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Herald Ruijters, Source: DG MOVE

Cities Mission has made citizen engagement and participatory processes an important part of its functioning

Cities Mission has made citizen engagement and participatory processes an important part of its functioning

Interview with Herald Ruijters, Director, Directorate-General for Mobility and Transport (DG MOVE), European Commission

Mr. Ruijters, with regards to the goal of having 100 climate-neutral cities by 2030, what do you think the biggest obstacles to achieving this are and what advice can you give to Europeans to help overcome them?

It is important to note that the Cities Mission has two simultaneous goals: achieving 100 climate-neutral cities by 2030 and ensuring that these cities act as centres of experimentation and innovation so that all European cities can become climate neutral by 2050.

The path towards climate neutrality is one of fundamental transformation, across all aspects of a city’s functioning. And cities are highly complex systems in which a huge number of structures intersect: energy use and production, building insulation, waste management, mobility, and many more.

That is why the Cities Mission aims to provide support to cities to find their own tailor-made way to reach climate neutrality. In a complex system with lots of factors, there is no easy or straight path to success.

My advice to citizens would be to get involved, be part of the debate and shape how their cities will look like in the future. This is why the Cities Mission has made citizen engagement and participatory processes an important part of its functioning; to make sure that at the end of the day every city is liveable and lovable for its people.

Given there are over 800 cities with more than 50,000 people in Europe, how do we upscale the learning of the 100 Climate Neutral cities and how do we “leave no city behind”?

Upscaling solutions that contribute to reaching climate neutrality will be a major task to reach EU-wide climate neutrality by 2050. The Cities Mission is an opportunity to use experiences from one city, while adapting them for another city with different characteristics. Instead of a one-size-fits-all approach, we start out recognising that what works in Copenhagen is going to be different from what works in Athens.

Cities participating in the Cities Mission will have access to a Mission Platform, where they will be able to share experiences with each other, but also work on projects together, through thematic or geographic or any other links. One goal of the Cities Mission is to facilitate this kind of collaboration between cities.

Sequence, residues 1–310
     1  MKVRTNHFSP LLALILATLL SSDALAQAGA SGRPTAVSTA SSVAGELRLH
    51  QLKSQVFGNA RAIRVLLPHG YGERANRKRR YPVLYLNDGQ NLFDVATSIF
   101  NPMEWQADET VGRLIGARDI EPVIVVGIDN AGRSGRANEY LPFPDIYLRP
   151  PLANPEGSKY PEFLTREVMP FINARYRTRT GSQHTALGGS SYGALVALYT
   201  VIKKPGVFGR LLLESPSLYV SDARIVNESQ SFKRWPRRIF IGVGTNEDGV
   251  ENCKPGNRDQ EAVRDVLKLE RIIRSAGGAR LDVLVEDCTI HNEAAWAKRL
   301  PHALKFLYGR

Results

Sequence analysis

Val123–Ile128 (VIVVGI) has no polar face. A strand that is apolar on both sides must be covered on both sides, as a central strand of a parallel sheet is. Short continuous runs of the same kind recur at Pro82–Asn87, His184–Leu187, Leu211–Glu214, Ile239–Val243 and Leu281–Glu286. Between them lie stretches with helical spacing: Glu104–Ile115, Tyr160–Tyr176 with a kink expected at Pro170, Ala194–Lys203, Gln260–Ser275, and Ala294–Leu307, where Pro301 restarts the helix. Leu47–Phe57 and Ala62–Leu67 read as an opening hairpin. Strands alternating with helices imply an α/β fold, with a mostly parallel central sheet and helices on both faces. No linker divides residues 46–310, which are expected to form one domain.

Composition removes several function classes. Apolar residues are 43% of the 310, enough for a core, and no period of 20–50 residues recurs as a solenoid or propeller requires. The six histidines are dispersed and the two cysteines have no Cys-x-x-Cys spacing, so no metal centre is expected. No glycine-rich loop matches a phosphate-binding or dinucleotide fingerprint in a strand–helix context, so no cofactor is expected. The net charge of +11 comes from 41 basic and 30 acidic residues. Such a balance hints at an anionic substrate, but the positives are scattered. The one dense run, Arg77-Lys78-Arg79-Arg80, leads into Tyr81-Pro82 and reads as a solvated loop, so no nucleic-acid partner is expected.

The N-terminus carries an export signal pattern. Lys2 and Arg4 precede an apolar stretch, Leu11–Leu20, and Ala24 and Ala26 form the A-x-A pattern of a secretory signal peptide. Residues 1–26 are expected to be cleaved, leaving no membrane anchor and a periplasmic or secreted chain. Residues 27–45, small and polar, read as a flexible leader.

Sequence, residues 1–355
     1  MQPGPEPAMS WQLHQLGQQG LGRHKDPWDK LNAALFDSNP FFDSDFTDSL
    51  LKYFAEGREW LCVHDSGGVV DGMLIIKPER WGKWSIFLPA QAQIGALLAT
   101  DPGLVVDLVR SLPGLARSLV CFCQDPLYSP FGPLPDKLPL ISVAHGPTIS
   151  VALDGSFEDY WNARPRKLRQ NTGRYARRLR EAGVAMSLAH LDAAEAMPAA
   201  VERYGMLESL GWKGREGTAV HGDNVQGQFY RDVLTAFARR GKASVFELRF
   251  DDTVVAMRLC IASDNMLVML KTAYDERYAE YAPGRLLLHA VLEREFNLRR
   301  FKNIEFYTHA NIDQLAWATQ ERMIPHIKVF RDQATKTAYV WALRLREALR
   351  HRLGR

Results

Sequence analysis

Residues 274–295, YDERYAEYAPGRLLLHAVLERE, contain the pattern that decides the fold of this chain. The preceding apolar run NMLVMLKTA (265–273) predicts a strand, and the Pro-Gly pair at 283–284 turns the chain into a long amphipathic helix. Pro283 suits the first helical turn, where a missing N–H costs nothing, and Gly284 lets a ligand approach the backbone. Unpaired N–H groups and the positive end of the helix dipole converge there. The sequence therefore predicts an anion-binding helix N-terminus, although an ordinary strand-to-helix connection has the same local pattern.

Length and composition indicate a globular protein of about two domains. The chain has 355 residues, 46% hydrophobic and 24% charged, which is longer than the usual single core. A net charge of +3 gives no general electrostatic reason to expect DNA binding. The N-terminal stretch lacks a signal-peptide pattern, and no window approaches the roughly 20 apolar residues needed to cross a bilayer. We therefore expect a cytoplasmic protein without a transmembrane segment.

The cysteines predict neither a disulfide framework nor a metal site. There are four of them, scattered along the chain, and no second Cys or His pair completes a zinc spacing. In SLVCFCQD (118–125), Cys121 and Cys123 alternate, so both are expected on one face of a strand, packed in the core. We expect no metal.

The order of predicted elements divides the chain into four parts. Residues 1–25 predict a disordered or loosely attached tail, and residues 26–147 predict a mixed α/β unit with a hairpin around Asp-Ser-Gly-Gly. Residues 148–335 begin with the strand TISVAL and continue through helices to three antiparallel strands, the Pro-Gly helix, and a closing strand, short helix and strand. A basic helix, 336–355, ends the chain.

Another important aspect is the creation of national and regional support networks, which go beyond the cities participating in the Mission. Some EU countries already have created such networks and we are encouraging others to think about how cities, irrespective of their participation in the Mission, can connect among each other. In some Member states, participating cities have easier access to funding, reduced tax burdens and improved joint planning, regulatory support and networking.

Through the past two years of preparing the Cities Mission, what we have consistently seen is overwhelming interest and willingness from cities and city residents, to make progress towards climate neutrality. I am confident that cities have the drive and determination to do what it takes to become green and smart.

EUROPEANMOBILITYWEEK seeks to encourage behavioural change in favour of more sustainable travel. The challenge remains, however, in getting people to actually change their habits. What advice do you have for cities in how to better tackle this challenge and accelerate the rate of this behavioural change?

EUROPEANMOBILITYWEEK is an annual awareness-raising campaign on sustainable urban mobility, which provides towns and cities across Europe, and indeed further afield, with an opportunity to try out innovative sustainable urban mobility planning measures, promote new infrastructure and technologies, measure air quality, and get feedback from the public.

Through providing participating towns and cities with an opportunity to test and implement sustainable mobility solutions, the campaign helps facilitate a behavioural shift toward sustainable urban mobility modes, in turning helping reach the EU Green Deal’s carbon-neutrality target. As an example, during EMW cities are able to test a given mobility solution limited to only one street or part of the city or a limited period of time. At the same time, it is crucial to involve all stakeholders in planning of sustainable urban mobility solutions, as this involvement and consultation is an integral part of the SUMP approach; if done properly, acceptance and ownership of solutions are much higher, inducing behavioural change.

 

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